The first part of this bit of subject changing is patently ridiculous. If you want a treatment in the US and your insurance company refuses to pay for it, you don’t have the option of then simply switching to an insurance company that will. No insurance company in its right mind would take on a dying cancer patient as a new client. Not because they are evil, but because selling an insurance plan to someone who already has enormous expected medical costs is like letting someone buy fire insurance after their house has already burned down. It’s not “insurance” at all. It would be the insurance company simply handing over hundreds of thousands of dollars to someone like Kent Pankow because Kent Pankow asked them nicely. While that would be awfully charitable, it wouldn’t have anything to do with the business of selling health insurance.

It’s true that, at least in Canada, Pankow couldn’t have simply gone outside his insurance company and paid for his surgery himself. But that’s an aspect of Canadian law that no one is proposing should happen here in the US. And if Pankow were simply an American citizen to begin with, he would have had to do exactly the same thing if his insurer denied him coverage for the surgery he wanted: pay out the Mayo clinic of pocket. Only with Obama’s proposed reforms would something like an already sick person shopping around for different coverage become possible, and then only because coverage would be universally required.

In fact, that’s what trips Morrissey up in another of his arguments:

Let’s see if we can’t tally up the scandals in this story. First, instead of rushing Pankow into surgery, doctors waited more than two weeks to decide whether he was “surgery worthy.” Obviously, this was not a medical decision, as the Mayo Clinic didn’t take two weeks to make a medical decision on Pankow.

There’s nothing “obvious” about this: Pankow paid Mayo to perform a surgery, and they did. And, from the sound of it, it wasn’t that successful, since they couldn’t fully remove tumor. That might have been because his Canadian doctors waited too long, but it also might have been because they were correct about it being mostly inoperable from the get go.

Contrary to what Morrissey implies, doctors in the US don’t immediately rush every single patient into surgery the second they have the option (nor does their failure to do so prove that they are “lousy”: sometimes surgery is not the best option). A lot of them DO have to make tough decisions based on uncertain circumstances, balancing different patient interests against getting more information, and so on. When patients pressure them to do so, doctors in either system will sometimes choose surgery over some other course of treatment: sometimes even when it doesn’t seem to be the most medically viable course. But again: only if someone will pay for it. And that’s exactly what happened with Mayo. Someone paid for it.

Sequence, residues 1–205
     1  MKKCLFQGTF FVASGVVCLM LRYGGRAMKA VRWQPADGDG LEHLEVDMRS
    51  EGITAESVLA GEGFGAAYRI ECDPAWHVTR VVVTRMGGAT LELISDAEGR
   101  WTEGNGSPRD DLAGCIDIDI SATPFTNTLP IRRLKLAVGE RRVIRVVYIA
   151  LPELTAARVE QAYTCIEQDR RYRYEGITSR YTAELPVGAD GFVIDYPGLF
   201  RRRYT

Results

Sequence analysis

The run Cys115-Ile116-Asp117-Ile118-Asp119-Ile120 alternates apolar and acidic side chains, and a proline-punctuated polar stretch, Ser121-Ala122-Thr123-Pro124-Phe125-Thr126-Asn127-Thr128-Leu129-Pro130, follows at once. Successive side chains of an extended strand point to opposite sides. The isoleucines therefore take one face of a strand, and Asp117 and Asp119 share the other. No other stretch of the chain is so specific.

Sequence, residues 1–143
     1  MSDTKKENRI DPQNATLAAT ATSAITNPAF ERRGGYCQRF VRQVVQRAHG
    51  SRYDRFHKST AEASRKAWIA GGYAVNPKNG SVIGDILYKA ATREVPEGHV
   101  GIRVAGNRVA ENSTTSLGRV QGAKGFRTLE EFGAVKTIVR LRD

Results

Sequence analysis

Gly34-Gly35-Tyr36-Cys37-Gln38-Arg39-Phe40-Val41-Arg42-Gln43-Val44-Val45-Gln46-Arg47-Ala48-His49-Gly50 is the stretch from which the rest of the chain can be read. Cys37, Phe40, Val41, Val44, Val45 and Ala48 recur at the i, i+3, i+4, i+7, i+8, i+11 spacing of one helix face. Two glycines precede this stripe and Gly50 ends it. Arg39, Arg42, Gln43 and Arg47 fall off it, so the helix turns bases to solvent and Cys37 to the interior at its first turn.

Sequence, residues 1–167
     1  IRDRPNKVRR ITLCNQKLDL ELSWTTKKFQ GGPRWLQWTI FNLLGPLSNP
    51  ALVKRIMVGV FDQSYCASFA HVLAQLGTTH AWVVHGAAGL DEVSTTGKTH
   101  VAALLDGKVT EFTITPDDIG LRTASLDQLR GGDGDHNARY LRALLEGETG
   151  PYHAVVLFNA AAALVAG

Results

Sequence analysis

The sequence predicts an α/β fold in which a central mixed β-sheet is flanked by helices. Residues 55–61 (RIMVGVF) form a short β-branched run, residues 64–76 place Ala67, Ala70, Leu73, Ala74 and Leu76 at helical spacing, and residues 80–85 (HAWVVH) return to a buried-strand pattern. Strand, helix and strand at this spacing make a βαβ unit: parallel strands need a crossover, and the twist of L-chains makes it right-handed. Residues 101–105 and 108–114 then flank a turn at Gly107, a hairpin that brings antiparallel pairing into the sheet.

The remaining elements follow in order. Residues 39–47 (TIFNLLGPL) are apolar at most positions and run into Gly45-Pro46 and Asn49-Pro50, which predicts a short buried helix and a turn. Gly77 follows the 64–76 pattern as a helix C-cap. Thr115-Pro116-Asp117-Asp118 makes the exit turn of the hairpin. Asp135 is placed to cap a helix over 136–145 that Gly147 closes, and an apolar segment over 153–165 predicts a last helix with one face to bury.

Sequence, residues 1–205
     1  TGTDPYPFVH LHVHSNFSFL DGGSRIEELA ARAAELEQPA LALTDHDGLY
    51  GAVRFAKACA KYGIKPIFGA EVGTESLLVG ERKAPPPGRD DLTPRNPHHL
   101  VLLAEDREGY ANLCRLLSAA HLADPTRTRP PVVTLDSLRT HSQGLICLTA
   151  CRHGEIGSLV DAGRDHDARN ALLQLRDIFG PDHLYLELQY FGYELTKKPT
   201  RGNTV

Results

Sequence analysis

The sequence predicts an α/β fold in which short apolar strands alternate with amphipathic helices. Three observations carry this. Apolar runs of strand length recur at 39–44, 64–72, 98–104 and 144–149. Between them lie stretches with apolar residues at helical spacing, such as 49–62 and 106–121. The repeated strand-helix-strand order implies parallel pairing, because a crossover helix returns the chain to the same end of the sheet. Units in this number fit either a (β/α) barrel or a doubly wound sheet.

The larger fact of the matter is that every single health care system in which patients have any sort of insurance coverage, whether it be provided entirely by the government or the private market, is going to have lots of cases in which a patient wants more care than the insurer is willing to pay for. That’s the basic function of insurance as a means of cost control: preventing people from spending other people’s money on unlimited amounts of healthcare (something that would ultimately bankrupt everyone). When you’re sick you of course want the best treatment money can buy. But insurance systems can’t afford to provide that level of care for everyone, and trying to do so is part of what’s making health insurance costs spiral out of control here in the US.

That inevitability means that if all someone like Morrissey is going to offer are anecdotes of this happening in one system while then offering no examples of it happening in another (let alone any actual statistics), that’s flatly disingenuous as a way of comparing two systems.

Of course, that’s not even addressing the fact that Morrissey is essentially arguing that the US shouldn’t pass a health reform bill that doesn’t set up a Canadian-style system because of something he doesn’t like about the Canadian system, simply because Obama and Democrats have praised SOME aspects of the Canadian system. For Morrissey, the actual details of the bill (and all the compromises made necessary by a politically divided system) just don’t seem to matter very much.

Why You Should Give Google Buzz (…Maps) Another Chance